Breast Cancer Moon Shot Update
MOON SHOTS PROGRAM
Help end breast cancer
Every year in the U.S., approximately 235,000 men and women are
diagnosed with breast
cancer and more than 40,000 succumb to it. Nearly 69,000 patients
have the subtype known as triple-negative breast cancer (TNBC), which
causes almost 12,000 deaths annually. The Breast Cancer Moon
Shot? is determined to defeat this deadly type of breast
Finding the right target
A flood of new knowledge and technology makes now the time to fast-track the cancer fight and make a giant leap for patients. We're merging today’s high potential for achievement with our unique knowledge and expertise, derived from decades of leadership in the cancer field.
Most successful treatments for breast cancer take aim at specific proteins expressed by individual tumors: estrogen receptor, progesterone receptor or human epidermal growth factor receptor 2 (HER2). But TNBC doesn’t express any of these biomarkers, so there’s no current option for targeted therapy. This limits treatment mainly to surgery and chemotherapy, which are less effective against TNBC. Even if caught early, TNBC has an overall five-year survival of 60% compared to 80% for other types. To improve patient outcomes, we’re researching novel genetic markers to identify new plans of attack.
STORIES OF HOPE
Triple negative breast cancer survivor benefits from immunotherapy trial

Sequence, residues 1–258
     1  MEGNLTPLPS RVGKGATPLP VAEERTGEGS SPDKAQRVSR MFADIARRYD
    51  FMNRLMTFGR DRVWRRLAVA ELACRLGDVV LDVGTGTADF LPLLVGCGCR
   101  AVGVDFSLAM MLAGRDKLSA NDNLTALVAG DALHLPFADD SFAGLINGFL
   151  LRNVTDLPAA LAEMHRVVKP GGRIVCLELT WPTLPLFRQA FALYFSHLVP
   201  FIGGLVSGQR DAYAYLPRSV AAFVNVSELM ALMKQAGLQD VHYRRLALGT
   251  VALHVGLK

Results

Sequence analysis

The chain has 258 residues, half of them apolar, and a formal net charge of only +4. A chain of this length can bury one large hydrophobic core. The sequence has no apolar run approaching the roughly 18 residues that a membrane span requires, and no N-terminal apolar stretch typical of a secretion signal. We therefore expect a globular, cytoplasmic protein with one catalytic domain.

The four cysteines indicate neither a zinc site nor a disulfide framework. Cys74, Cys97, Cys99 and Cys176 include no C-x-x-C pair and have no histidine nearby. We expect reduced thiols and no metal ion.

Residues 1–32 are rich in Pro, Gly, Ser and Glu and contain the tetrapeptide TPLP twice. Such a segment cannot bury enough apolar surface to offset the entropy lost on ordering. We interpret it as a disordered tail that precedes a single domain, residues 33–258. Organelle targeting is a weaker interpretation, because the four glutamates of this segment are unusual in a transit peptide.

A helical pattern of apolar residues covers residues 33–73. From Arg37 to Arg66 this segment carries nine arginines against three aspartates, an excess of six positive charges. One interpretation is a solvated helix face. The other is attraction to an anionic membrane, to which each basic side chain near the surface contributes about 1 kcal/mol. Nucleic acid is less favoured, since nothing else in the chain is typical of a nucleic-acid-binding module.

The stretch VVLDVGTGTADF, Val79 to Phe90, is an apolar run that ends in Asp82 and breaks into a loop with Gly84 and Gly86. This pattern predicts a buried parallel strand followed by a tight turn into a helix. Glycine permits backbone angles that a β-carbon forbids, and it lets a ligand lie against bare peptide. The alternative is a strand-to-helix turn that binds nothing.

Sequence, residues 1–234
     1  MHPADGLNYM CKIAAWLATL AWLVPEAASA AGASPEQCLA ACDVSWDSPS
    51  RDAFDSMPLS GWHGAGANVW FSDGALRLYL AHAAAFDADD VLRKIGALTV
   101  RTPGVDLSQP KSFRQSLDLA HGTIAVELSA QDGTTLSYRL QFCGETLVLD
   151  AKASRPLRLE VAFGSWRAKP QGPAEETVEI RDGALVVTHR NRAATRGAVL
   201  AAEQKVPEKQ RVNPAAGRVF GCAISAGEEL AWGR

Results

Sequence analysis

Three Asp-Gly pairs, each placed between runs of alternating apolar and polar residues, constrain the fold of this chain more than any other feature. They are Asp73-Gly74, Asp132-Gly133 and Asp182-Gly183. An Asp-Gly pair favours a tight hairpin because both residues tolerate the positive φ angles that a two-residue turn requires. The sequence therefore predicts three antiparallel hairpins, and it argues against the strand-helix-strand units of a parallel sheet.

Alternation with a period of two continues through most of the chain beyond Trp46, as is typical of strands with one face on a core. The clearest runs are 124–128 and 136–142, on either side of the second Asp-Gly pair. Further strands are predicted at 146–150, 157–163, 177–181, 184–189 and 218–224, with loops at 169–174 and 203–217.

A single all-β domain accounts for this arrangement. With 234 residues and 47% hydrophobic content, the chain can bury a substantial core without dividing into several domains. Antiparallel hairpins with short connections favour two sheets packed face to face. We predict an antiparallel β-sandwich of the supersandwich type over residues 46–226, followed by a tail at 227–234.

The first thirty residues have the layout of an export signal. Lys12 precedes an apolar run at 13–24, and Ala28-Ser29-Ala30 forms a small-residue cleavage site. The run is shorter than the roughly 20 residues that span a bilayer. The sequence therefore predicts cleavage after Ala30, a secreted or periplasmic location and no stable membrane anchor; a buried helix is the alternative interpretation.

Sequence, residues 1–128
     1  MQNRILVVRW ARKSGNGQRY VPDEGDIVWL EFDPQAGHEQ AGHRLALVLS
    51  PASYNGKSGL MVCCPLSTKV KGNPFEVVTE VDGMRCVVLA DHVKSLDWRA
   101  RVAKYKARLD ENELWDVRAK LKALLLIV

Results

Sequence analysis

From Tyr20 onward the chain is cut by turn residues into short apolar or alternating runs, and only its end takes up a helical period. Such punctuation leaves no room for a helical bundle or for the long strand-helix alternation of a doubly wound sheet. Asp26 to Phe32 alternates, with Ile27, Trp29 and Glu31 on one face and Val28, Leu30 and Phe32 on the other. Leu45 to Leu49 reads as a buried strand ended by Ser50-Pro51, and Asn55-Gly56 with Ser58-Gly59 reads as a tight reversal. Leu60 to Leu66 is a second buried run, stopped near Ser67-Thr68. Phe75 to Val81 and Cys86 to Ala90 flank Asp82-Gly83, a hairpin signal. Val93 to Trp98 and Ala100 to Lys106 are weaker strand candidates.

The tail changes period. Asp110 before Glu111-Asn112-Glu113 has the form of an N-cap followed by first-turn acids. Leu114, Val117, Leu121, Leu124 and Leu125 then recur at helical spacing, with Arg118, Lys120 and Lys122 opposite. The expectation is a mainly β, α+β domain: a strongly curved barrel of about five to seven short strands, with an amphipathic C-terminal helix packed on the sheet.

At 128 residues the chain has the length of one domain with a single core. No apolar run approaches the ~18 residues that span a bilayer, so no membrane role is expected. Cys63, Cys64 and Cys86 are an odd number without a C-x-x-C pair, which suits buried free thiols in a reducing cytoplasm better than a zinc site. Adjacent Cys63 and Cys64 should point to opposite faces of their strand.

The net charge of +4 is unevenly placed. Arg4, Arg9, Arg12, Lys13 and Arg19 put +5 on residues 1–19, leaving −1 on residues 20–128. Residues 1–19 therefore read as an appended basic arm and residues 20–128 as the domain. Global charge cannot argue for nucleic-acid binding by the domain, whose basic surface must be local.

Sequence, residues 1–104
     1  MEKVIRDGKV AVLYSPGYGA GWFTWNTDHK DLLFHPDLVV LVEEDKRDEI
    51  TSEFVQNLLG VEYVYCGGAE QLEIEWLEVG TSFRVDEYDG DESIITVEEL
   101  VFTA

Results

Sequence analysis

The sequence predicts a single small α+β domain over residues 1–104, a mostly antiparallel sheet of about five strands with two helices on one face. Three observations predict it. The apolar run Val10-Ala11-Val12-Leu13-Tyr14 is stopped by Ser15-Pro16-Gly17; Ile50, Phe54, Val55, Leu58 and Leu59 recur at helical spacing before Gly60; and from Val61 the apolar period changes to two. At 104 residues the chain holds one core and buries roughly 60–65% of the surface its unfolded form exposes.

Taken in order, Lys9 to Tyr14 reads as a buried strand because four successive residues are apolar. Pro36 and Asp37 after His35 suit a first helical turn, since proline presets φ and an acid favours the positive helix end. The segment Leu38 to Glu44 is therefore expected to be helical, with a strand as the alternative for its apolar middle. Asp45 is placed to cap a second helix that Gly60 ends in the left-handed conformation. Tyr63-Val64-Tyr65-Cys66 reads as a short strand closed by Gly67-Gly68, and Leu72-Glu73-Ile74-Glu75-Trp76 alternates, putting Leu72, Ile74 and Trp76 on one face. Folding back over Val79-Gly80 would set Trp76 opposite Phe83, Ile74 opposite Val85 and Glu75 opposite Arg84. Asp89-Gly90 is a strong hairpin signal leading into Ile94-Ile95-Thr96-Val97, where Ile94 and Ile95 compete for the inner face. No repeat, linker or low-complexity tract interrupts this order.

Lori was diagnosed with triple-negative breast cancer at age 38, after finding a lump in her right breast. She didn’t know much about clinical trials when she first came to MD Anderson in May 2017. When conventional treatment methods weren't effective, Lori followed her doctor's advice to participate in an immunotherapy clinical trial led by MD Anderson’s Breast Cancer Moon Shot? team. She sees value in the prospect of helping other women through her clinical trial participation.
A better way to treat chemo-resistant TNBC
In the era of targeted therapy, the inefficiency of treating triple-negative breast cancer (TNBC) can be particularly frustrating. Chemotherapy works for half of patients, but they can’t be identified in advance, and other promising drugs seemed to have little effect in general clinical trials.
The Breast Cancer Moon Shot has launched a clinical trial platform to personalize treatment for the aggressive breast cancer that’s best known for what it doesn’t have – three targets for precision medicine that have helped extend survival of other breast cancer patients. By analyzing biopsies, they’re guiding patients to clinical trials of drugs most likely to hit their tumor’s target.
An important mission
The Breast Cancer Moon Shot is leading several new and exciting projects that can quickly make a difference in the detection and treatment of breast cancer.